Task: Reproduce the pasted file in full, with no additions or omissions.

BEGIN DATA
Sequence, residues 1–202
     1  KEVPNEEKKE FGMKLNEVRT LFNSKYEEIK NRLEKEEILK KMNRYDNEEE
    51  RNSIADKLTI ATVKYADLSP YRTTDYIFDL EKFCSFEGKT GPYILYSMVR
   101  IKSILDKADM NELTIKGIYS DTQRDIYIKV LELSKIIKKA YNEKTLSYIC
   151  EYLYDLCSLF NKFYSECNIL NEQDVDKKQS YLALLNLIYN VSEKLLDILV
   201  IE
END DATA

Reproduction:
Sequence, residues 1–202
     1  KEVPNEEKKE FGMKLNEVRT LFNSKYEEIK NRLEKEEILK KMNRYDNEEE
    51  RNSIADKLTI ATVKYADLSP YRTTDYIFDL EKFCSFEGKT GPYILYSMVR
   101  IKSILDKADM NELTIKGIYS DTQRDIYIKV LELSKIIKKA YNEKTLSYIC
   151  EYLYDLCSLF NKFYSECNIL NEQDVDKKQS YLALLNLIYN VSEKLLDILV
   201  IE